The US SIF Foundation has published its latest Trends Report on sustainable, responsible, and impact investing. On the one hand, this is a statistical snapshot of US-domiciled assets in the ESG/SRI field at years’ end 2015. On the other hand, it offers fascinating historical material making it clear how we got here.
Environmental, social, and governance considerations now affect $8.72 trillion in professionally managed assets, which is one-fifth of the total of invested assets under professional management.
From a demand-side point of view, the growth of the market is reflected in the launch of new services tracking the funds that market themselves as ESG, and assessing how they are voting their shares on ESG issues.
From a regulatory point of view, the U.S. Department of Labor facilitated the growth of the industry in October 2015 when it opened the door for private sector employers to put SRI fund options in the retirement plans they offer their workers.
Contemporary trends date to the activism of the late 1960s. The Council on Economic Priorities, in 1969, began rating companies on their social and environmental performance. Another development that year: the Tax Reform Act gave U.S. foundations the option of meeting their charitable distribution requirements through program-related investments rather than simple grants. Such program-related investments in turn “laid the groundwork,” in the words of the US SIF Foundation, “for what eventually developed into the community investing industry.”
In 1971, the first modern SRI mutual fund came into being: the Pax World Fund. It avoided investments in tobacco, alcohol, nuclear power, and military contractors. It also considered labor and environmental matters.
In 1972, a group of foundations and institutions of higher learning created the Investor Responsibility Research Center.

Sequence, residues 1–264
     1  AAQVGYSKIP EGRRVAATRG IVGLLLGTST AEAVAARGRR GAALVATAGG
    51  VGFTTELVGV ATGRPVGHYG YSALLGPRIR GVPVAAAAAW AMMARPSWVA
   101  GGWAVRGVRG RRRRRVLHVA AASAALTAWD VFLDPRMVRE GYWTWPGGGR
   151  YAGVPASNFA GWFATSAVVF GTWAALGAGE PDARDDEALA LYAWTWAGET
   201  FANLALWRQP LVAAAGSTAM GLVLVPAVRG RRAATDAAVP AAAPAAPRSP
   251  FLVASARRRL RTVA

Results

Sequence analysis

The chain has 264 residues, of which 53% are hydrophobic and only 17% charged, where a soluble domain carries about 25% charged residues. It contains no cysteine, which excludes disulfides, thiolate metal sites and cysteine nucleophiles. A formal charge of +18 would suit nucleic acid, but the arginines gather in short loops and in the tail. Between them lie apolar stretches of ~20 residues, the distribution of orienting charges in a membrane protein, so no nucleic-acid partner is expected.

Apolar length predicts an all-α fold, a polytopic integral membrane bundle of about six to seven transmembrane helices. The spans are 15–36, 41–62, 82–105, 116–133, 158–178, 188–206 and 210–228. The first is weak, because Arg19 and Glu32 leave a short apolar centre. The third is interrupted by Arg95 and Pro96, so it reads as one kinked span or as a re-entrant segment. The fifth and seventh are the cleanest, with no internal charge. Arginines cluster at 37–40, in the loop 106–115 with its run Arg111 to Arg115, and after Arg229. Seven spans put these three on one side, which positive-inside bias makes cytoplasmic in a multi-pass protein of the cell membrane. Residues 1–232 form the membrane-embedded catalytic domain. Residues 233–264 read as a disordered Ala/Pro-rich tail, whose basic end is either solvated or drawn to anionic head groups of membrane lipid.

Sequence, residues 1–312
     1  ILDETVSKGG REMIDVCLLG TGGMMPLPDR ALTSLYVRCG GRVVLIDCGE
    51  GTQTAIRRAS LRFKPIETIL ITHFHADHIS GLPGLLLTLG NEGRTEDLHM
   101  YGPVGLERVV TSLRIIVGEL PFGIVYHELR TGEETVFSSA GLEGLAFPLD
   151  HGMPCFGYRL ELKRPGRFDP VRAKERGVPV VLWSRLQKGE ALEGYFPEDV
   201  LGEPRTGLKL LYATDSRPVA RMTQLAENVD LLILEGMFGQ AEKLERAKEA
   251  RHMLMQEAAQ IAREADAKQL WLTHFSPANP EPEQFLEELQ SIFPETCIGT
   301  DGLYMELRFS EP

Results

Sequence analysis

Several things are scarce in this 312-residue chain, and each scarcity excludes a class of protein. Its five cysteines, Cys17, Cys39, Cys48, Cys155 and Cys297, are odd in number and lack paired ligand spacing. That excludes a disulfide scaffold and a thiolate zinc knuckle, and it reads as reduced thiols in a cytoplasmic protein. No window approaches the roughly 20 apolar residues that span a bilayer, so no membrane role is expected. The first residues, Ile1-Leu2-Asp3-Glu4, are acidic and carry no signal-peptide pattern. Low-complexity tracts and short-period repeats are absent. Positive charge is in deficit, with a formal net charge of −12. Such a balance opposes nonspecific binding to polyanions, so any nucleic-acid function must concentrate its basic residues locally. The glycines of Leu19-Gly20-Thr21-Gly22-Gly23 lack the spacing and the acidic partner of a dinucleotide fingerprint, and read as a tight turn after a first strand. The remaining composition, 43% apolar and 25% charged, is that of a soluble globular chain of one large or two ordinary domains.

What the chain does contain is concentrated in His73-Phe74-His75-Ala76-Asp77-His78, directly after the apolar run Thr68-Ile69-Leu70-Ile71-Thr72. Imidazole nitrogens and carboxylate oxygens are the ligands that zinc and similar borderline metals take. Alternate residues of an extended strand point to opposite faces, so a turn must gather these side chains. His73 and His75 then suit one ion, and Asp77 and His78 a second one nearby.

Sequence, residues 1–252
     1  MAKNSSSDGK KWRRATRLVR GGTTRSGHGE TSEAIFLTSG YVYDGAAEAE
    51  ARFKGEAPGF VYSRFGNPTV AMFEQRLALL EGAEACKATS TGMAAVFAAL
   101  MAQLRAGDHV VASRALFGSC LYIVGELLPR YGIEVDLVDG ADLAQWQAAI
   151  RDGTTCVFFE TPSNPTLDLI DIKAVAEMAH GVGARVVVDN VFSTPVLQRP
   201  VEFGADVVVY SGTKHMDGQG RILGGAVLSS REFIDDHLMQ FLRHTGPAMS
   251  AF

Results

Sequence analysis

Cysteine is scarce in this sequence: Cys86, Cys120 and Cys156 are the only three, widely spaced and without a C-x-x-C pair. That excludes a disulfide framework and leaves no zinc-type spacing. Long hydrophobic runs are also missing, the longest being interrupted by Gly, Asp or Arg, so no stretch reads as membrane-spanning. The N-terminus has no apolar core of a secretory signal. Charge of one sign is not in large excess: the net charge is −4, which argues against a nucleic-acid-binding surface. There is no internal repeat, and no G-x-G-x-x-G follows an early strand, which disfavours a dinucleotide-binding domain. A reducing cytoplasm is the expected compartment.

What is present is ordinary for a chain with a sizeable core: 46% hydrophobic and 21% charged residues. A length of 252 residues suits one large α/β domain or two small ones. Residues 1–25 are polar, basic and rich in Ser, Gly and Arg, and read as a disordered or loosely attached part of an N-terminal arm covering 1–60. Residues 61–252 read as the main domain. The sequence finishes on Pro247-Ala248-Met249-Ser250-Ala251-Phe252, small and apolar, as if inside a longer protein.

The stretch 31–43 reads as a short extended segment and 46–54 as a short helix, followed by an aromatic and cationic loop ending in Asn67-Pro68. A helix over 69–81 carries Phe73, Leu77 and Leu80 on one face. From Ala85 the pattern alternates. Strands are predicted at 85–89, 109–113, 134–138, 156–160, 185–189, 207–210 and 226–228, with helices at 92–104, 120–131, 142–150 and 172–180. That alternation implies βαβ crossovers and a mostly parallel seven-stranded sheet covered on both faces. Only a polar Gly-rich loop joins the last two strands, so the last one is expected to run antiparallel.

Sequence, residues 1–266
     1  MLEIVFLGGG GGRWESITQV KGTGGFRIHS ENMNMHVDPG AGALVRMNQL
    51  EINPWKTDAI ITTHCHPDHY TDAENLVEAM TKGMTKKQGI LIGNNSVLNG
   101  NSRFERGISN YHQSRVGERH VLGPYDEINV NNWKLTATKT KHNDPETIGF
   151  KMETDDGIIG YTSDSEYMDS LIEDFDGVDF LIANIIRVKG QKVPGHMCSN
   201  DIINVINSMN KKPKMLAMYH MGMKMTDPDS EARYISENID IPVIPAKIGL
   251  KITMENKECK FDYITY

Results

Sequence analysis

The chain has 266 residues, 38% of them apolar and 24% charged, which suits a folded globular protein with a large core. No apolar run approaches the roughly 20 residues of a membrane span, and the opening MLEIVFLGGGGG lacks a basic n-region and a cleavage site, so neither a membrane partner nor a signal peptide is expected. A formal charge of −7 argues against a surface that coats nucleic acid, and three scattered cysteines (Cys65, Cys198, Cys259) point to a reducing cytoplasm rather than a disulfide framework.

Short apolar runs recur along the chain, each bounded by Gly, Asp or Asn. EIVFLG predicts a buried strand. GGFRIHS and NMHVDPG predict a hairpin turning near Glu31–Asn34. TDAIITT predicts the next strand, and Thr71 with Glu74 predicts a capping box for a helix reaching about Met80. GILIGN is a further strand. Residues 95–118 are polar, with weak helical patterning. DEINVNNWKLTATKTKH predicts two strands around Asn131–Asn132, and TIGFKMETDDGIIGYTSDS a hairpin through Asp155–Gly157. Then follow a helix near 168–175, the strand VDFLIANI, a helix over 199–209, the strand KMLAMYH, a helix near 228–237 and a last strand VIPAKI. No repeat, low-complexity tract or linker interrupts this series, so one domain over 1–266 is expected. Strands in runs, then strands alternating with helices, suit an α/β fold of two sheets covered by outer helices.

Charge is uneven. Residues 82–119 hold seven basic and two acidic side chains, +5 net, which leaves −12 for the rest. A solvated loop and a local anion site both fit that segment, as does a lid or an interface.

The following year, religious investors created an analogous institution, the Interfaith Center on Corporate Responsibility.
The Community Reinvestment Act of 1977 gave a boost to the idea of investing in low and moderate income communities.
Calvert launched its Calvert Social Investment Fund in 1982: this was the first investment fund boycotting apartheid.
In the 1990s, indexing joined the SRI/ESG Scene. The Domini 400 Social Index began in May 1990 – and it is now known as the MSCI KLD 400 Social Index.
Ten years later (2000) Calvert introduced its own Social Index, now the Calvert US Large Cap Core Responsible Index.
Also in 2000, Jantzi Research initiated its Jantzi Social Index, partnering with both Dow Jones and State Street Global Advisors to track the Canadian companies that meet its criteria.
The Universe Today
Funds involved in the ESG/SRI universe today include 519 registered investment companies, a category that includes mutual funds, variable annuity funds, ETFs, and closed end funds, accounting for $1.74 trillion in ESG assets. It includes another 413 alternative vehicles, PC, PE, hedge funds, and responsible property funds. These have a combined total of more than $652 billion in AUM.
This space includes a total of 1,043 community investing institutions (CIIs), which manage another $122 billion with as mentioned above an express mission of serving low and moderate income people and places.
There are also other pooled products, unspecified vehicles, and separate accounts involved. These products amount to more than another $6 trillion in ESG assets.
The “E” of ESG
Among the environmental concerns represented in the ESG world, the most significant is climate change, which motivates fossil fuel restrictions or divestment policies in portfolios. Shareholders have filed 93 resolutions pertaining to climate change this year, they have also negotiated commitments from public companies over reporting on climate change or reducing greenhouse gas emissions.
Institutional investors concerned with the issue (more than 120 of them) have formed the Investor Network on Climate Risk, which represents more than $15 trillion in assets under management. INCR has successfully petitioned both U.S. and Canadian securities regulators to issue guidance concerning the disclosure of material climate change risks.
The US SIF Foundation’s report includes a quantification of “shareholder proposals on key environmental and social issues 2014-16.” Proposals on political spending and lobbying are the most common. Roughly 126 such resolutions have been posted in each of those three years. The U.S. Supreme Court’s decision in the Citizens United case of 2010 stimulated activist concern on that point. Climate change, though, is the second most common motivation for resolutions (roughly 85 each year).